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ADIPEC Canada Pavilion
The oil and gas industry is being reshaped by changes in demand and new technologies. Growth in demand is shifting to the Middle East, Africa and Asian economies and away from Europe and North America. Clever technologies such as multi-stage hydraulic stimulation and horizontal drilling are unlocking trapped resources and transforming the U.S. from one of the world’s largest buyers of crude oil and gas to one of its largest sellers.
Less obvious is the wave of digital change that is sweeping over the industry.
Since anything that can be digitized will be digitized (startups and capital markets will make sure of that), it is only a matter of time before the effects of digital innovation are felt in oil and gas. What is uncertain is the degree of impact and the nature of impact.
The oil and gas industry will feel the effects of digital technology both directly in the business and indirectly through the adoption of digital technologies in other sectors. For example, as 3D printing improves as a technology, suppliers will offer high-quality 3D printed parts for oil and gas equipment, lowering costs, shortening the time to repair and accelerating the time to value for resource production.
Printing a part locally also lowers greenhouse gas emissions through a reduction in shipping costs. Applied across manufacturing globally, 3D printing could transform entire supply chains while simultaneously delivering a reduction in fuel consumption.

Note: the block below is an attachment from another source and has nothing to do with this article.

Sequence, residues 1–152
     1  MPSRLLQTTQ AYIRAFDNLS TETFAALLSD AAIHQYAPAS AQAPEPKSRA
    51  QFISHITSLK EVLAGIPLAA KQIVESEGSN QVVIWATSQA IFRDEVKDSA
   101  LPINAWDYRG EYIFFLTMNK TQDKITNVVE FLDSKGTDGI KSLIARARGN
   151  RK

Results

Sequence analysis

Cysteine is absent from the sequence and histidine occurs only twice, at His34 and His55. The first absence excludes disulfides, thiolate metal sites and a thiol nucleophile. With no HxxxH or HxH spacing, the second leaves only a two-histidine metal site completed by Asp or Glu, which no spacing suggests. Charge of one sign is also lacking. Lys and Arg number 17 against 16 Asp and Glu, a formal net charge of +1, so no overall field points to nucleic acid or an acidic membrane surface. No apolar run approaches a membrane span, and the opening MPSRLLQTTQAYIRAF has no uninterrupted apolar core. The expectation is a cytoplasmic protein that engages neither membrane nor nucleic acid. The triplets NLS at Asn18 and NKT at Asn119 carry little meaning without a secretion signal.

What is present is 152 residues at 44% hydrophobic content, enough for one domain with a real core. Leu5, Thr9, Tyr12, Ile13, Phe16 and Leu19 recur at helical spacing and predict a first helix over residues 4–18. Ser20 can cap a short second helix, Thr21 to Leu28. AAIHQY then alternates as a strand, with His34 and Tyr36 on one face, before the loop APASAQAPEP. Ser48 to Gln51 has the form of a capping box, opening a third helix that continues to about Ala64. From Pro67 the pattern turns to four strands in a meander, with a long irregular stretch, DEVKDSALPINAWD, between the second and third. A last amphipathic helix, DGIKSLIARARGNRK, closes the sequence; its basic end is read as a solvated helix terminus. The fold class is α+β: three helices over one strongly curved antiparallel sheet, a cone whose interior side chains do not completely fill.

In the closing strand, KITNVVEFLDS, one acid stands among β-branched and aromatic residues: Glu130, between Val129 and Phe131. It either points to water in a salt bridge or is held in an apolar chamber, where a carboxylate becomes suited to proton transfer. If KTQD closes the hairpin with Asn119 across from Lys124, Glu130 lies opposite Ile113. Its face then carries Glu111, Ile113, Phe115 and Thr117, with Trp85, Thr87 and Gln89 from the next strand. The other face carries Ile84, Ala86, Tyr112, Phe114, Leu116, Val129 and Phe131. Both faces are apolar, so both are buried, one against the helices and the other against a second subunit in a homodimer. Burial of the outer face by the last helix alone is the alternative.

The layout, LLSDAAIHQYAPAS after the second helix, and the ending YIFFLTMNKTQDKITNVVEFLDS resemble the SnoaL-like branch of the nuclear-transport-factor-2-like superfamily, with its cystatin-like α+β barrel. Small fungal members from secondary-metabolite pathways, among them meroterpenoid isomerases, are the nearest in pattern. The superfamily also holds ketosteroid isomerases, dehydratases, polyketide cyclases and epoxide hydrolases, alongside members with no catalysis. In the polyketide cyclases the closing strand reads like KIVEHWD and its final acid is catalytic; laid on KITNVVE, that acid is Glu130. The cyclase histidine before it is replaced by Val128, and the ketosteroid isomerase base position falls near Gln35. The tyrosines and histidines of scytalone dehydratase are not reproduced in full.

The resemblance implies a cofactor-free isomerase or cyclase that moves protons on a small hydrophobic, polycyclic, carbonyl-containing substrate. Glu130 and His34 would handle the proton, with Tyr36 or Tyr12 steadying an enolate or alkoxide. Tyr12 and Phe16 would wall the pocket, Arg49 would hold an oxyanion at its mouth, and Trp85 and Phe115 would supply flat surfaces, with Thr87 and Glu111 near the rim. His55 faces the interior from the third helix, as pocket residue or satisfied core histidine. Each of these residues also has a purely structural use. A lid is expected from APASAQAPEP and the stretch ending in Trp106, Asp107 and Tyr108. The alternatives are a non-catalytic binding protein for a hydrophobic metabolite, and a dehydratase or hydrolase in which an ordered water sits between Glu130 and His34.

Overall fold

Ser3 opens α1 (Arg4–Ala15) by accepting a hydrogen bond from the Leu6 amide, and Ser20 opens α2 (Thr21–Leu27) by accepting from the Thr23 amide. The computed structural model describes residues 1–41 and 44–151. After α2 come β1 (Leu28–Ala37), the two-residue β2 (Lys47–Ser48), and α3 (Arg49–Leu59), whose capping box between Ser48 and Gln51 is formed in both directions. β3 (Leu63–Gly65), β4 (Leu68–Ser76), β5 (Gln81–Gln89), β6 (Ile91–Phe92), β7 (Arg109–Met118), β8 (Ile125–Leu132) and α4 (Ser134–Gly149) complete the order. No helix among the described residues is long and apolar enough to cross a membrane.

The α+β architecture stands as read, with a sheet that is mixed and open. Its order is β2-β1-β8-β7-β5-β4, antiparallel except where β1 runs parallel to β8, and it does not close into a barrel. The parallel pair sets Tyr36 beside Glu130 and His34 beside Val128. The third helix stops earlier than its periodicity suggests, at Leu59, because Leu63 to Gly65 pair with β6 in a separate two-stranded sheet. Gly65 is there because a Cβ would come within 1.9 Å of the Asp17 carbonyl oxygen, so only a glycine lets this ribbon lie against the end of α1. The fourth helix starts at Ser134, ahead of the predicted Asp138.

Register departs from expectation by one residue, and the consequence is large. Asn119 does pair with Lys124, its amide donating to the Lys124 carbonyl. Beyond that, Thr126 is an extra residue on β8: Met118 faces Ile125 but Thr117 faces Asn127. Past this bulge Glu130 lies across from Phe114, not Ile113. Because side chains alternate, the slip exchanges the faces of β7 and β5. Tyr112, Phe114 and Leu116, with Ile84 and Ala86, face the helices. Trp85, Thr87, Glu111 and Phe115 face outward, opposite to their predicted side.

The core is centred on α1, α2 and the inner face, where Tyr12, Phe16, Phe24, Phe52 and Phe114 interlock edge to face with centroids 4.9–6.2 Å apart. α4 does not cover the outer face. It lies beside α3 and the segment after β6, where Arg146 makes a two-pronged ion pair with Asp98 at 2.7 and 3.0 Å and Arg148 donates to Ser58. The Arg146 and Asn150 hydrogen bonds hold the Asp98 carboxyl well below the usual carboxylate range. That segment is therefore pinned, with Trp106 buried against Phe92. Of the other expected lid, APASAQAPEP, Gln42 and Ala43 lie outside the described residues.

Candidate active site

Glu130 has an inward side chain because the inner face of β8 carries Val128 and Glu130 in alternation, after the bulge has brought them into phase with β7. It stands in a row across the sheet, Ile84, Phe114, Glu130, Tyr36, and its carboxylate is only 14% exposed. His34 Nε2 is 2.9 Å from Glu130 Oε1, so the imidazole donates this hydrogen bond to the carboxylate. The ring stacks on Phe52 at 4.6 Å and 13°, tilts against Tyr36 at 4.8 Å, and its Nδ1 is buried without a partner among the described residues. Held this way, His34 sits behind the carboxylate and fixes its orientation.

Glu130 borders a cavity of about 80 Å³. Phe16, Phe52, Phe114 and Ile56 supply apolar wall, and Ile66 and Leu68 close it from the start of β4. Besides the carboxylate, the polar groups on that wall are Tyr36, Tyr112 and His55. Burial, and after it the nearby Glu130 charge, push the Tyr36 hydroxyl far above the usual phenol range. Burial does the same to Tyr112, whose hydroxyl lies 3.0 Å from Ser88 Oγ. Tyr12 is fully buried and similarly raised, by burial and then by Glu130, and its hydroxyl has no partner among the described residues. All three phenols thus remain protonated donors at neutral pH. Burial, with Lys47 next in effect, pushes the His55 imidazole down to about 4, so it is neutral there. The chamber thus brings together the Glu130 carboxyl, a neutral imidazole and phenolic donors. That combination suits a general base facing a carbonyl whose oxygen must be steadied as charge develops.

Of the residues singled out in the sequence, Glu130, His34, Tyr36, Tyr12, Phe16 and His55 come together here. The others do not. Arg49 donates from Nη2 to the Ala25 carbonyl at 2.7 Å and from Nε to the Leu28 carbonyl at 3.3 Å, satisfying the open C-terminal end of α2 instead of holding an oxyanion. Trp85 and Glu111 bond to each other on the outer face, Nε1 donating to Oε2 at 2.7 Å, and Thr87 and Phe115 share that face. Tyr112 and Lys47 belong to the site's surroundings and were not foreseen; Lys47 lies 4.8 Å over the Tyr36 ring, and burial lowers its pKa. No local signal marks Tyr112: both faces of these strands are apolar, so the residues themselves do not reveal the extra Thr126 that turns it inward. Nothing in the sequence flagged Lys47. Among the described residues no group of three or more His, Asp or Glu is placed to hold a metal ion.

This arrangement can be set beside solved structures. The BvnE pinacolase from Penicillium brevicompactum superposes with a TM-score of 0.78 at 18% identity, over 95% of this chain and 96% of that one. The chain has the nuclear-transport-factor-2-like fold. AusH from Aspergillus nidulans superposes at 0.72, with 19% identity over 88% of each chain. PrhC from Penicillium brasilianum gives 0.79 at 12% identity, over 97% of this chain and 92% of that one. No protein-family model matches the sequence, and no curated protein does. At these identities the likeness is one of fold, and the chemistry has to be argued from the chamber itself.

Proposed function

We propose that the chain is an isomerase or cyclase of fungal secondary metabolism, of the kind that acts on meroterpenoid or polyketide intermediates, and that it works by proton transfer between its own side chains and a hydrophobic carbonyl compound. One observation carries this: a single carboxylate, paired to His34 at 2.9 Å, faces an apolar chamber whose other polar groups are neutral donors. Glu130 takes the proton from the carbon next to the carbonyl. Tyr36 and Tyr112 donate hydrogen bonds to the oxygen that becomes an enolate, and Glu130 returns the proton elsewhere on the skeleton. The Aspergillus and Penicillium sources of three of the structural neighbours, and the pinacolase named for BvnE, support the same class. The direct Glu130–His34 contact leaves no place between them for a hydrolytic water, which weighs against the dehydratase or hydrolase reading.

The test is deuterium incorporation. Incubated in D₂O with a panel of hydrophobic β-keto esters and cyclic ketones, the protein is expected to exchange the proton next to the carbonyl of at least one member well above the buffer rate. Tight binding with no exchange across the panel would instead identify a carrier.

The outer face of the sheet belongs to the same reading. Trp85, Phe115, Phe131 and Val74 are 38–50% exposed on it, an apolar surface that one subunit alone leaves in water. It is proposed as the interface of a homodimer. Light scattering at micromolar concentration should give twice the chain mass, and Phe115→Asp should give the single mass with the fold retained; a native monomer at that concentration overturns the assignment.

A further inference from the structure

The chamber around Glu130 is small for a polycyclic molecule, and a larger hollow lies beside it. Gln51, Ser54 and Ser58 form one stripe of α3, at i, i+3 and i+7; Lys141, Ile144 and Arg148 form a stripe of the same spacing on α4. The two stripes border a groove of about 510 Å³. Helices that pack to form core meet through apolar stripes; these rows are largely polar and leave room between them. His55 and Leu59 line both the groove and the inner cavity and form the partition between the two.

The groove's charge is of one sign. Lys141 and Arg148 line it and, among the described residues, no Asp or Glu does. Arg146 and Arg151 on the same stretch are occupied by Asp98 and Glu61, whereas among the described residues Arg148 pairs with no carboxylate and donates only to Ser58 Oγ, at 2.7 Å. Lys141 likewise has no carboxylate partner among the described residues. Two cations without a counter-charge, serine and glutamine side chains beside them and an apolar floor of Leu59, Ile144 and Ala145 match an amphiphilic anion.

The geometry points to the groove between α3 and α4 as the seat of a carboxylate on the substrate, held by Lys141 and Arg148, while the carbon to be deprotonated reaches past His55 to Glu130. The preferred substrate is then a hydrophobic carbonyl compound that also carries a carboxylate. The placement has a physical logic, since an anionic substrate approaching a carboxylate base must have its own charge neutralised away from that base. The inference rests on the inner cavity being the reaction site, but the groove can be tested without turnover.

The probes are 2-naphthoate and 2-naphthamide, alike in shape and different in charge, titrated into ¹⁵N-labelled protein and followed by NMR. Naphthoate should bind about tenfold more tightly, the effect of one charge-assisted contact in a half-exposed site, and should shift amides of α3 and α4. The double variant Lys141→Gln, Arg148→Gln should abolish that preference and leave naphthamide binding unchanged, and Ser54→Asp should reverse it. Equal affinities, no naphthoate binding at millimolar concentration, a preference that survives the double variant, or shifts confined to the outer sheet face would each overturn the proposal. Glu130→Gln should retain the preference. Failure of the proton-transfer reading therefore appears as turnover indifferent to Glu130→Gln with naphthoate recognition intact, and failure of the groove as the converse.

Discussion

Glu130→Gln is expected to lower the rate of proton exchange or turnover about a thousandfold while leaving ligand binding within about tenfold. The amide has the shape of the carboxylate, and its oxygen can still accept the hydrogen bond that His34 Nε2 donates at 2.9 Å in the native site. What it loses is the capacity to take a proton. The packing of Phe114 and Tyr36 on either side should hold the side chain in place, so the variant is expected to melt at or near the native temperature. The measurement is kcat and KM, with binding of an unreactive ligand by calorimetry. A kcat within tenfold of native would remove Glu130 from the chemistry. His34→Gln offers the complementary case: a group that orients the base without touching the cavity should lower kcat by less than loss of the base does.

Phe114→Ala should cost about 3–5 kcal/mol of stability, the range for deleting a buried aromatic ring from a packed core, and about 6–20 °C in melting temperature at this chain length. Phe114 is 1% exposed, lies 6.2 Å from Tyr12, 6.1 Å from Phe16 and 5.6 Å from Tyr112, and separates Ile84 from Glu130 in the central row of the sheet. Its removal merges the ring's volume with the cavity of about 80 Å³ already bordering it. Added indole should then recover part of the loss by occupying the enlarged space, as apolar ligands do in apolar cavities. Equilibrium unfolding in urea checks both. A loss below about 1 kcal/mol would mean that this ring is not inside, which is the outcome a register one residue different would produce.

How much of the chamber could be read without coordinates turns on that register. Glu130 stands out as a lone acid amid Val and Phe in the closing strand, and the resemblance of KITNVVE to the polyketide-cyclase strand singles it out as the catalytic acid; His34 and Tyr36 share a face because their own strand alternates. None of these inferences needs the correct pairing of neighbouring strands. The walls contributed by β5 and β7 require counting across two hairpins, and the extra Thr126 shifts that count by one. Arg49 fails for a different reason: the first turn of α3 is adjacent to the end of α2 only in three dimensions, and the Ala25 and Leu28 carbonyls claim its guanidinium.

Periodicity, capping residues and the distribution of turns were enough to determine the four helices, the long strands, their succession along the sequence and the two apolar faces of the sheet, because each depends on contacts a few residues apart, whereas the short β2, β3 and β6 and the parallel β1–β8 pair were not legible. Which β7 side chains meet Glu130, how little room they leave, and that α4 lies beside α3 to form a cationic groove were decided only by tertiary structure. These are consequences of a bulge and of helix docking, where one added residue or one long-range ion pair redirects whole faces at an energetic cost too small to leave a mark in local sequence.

Digitizing Fuel Delivery
Different responses to digital technology may be appropriate depending on where in the value chain a company participates. A technology company selling software or SCADA systems to greenfield oil installations will need to respond more quickly to this technology than a pipeline operator that has long contracts and a captive market.
Fuel retailing as a segment has not materially changed since the arrival of payment systems at fuel pumps, but new apps that let customers arrange for fuel delivery directly to their car may render convenience stores obsolete.
Drilling companies whose rig fleets turn over every three years will be able to add smart systems—such as sensors that can monitor temperature, vibration and rotation and provide insights on the operating conditions of pumps, valves and other equipment above and below the surface, allowing maintenance to be scheduled according to condition. But oil refineries will struggle to introduce new sensors faster than the current turnaround schedule.
The Value of Being Integrated
Regardless of competitive position in the value chain, companies will eventually face a new digitally enabled market entrant. Since wait and see is not an option, companies can harvest the hard-to-digitize profit pools in the industry, abandon the market or defend their position.